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Shuttle Atlantis Soars to Space One Last time: Photo Album

Atlantis launches one last time. Credit: Alan Walters (awaltersphoto.com) for Universe Today.

Space Shuttle Atlantis soared to space for one last history-making time today July 8 at 11:29 a.m. despite a gloomy weather forecast, low lying clouds and a last moment countdown glitch that threatened to derail the launch in the closing seconds – but ultimately all coalesced and combined for an unpredictably tense drama that went down to the wire and put on a heart pounding and spectacular sky show.

About 750,000 spectators jammed the Florida space coast beaches, roadways and motels to witness a historic event that we will never see again.

NASA’s 135th and final shuttle mission takes flight on July 8 at 11:29 a.m. from the Kennedy Space Center in Florida bound for the high frontier and the International Space Station. Aboard Atlantis are 4 precious humans and some 9500 pounds of supplies. Credit: Ken Kremer
Send Ken your STS-135 launch photos to publish here

A hole in the sky miraculously appeared above the Kennedy Space Center and with just 58 seconds remaining in the launch window, NASA launch managers lit Atlantis engines and the shuttle stack thundered to life and vaulted off Launch Pad 39 A on 7 million pounds of thrust for NASA’s 135th and final shuttle mission.

“What a truly awesome day today,” said NASA Associate Administrator for Space Operations Bill Gerstenmaier at the STS-135 post launch news conference for reporters. ” We got to witness something really, really special and something really amazing. I’m really talking about the teams and the people who supported the launch that just occurred. What you saw is the finest launch team and shuttle preparation teams in the world.”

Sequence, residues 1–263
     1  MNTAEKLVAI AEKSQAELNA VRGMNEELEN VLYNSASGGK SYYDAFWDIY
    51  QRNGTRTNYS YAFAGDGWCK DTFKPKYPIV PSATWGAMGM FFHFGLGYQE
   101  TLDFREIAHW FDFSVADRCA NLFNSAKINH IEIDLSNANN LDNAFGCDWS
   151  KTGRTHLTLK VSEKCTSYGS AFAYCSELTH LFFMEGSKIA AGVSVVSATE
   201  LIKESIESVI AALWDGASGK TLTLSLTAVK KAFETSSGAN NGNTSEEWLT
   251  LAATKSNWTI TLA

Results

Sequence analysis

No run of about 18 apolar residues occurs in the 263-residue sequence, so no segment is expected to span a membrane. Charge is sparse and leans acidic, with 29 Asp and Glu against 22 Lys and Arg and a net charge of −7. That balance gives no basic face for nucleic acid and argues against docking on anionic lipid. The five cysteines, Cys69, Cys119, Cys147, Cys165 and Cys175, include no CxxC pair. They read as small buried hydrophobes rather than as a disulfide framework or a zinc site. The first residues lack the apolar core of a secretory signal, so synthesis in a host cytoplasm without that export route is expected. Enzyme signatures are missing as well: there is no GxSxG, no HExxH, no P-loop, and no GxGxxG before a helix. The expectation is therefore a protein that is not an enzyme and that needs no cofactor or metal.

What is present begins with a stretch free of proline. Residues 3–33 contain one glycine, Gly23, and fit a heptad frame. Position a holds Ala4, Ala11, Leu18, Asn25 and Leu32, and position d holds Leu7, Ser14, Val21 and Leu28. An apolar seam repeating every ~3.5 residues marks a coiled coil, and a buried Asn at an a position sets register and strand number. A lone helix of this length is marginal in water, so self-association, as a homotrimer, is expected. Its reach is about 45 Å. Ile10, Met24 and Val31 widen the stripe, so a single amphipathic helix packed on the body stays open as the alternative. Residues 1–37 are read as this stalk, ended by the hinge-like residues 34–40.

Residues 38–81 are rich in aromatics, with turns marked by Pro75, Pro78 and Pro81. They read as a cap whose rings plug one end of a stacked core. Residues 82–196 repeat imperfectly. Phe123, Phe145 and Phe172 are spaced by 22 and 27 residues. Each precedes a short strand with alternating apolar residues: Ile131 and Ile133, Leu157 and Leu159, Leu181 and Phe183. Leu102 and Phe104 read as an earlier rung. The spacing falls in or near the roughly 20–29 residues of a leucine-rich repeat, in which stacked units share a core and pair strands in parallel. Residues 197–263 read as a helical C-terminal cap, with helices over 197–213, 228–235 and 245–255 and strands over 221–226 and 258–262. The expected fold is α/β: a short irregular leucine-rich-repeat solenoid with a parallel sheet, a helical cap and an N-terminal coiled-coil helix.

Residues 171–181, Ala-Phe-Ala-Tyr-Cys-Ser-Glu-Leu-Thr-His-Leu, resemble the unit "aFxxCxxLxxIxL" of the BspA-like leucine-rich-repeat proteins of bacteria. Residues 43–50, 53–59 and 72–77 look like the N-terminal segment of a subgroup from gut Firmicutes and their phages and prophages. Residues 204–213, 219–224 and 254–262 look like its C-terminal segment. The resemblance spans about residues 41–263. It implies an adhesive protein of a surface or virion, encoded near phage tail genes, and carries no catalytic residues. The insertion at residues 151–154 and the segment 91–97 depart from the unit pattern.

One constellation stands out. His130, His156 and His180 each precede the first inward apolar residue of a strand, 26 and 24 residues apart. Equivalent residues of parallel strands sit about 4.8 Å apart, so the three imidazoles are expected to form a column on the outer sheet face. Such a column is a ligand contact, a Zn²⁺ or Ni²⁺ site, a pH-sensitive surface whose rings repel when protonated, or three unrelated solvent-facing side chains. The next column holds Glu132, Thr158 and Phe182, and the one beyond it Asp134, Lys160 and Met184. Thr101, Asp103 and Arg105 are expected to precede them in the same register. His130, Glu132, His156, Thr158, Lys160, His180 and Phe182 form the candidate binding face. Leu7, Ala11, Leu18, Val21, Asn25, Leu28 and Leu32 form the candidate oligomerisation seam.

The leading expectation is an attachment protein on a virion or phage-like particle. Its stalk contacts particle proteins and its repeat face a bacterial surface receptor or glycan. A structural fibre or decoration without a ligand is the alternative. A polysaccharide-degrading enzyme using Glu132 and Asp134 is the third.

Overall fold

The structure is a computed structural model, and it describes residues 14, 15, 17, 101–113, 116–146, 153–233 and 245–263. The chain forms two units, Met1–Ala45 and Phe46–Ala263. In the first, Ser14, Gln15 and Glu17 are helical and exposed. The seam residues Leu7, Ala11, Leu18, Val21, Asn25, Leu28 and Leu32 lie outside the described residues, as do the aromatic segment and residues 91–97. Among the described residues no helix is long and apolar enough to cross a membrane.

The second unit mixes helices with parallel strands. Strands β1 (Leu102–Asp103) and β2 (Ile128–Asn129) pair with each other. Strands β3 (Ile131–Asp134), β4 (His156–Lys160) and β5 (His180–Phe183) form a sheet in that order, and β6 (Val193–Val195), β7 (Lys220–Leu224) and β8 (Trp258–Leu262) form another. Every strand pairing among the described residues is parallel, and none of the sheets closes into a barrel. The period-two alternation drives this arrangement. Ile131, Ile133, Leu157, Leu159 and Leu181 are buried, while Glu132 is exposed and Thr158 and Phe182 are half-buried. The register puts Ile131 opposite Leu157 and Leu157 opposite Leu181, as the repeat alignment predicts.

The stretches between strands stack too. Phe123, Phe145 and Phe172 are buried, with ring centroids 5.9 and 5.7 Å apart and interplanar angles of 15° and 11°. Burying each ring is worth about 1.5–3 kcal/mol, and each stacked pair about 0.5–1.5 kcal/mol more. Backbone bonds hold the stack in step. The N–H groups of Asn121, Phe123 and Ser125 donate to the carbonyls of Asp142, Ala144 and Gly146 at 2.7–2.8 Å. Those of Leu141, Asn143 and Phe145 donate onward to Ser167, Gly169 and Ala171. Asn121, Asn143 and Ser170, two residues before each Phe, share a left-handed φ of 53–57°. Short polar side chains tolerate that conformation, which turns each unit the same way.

“It truly was an awesome, spectacular launch,” added Kennedy Space Center Director Bob Cabana.

Atlantis just leaving Earth. Credit: Alan Walters (awaltersphoto.com) for Universe Today.

“We’re really looking forward to a great mission. This is a very critical mission for station resupply. We’re going to do our best to try and stretch out an extra day,” said Space Shuttle Program Launch Integration Manager and chairman of the pre-mission Mission Management Team Mike Moses. “I think the shuttle program is ending exactly as it should. We’ve built the International Space Station, we’re stocking it up for the future, and ready to hand it off, and we finish really, really strong.”

“On behalf of the launch team, and all the thousands of people here at KSC, we’re just very, very proud that we finished strong from the launch perspective,” added Shuttle Launch Director Mike Leinbach.

“A lot of us walked around and shook everybody’s hand,” Leinbach told reporters at the packed press conference. “It seemed like we didn’t want to leave, it was like the end of a party and you just don’t want to go, you just want to hang around a little bit longer and relish our friends and what we accomplished. It was very special, lots of pats on the back today.”

Universe Today is covering the Grand Finale of NASA’s Space Shuttle Program. This report and photo album will be updated later.

Send Ken your STS-135 launch photos to publish here.

This shot of Atlantis' launch was taken from the roof of the Vehicle Assembly Building. Credit: Alan Walters (awaltersphoto.com) for Universe Today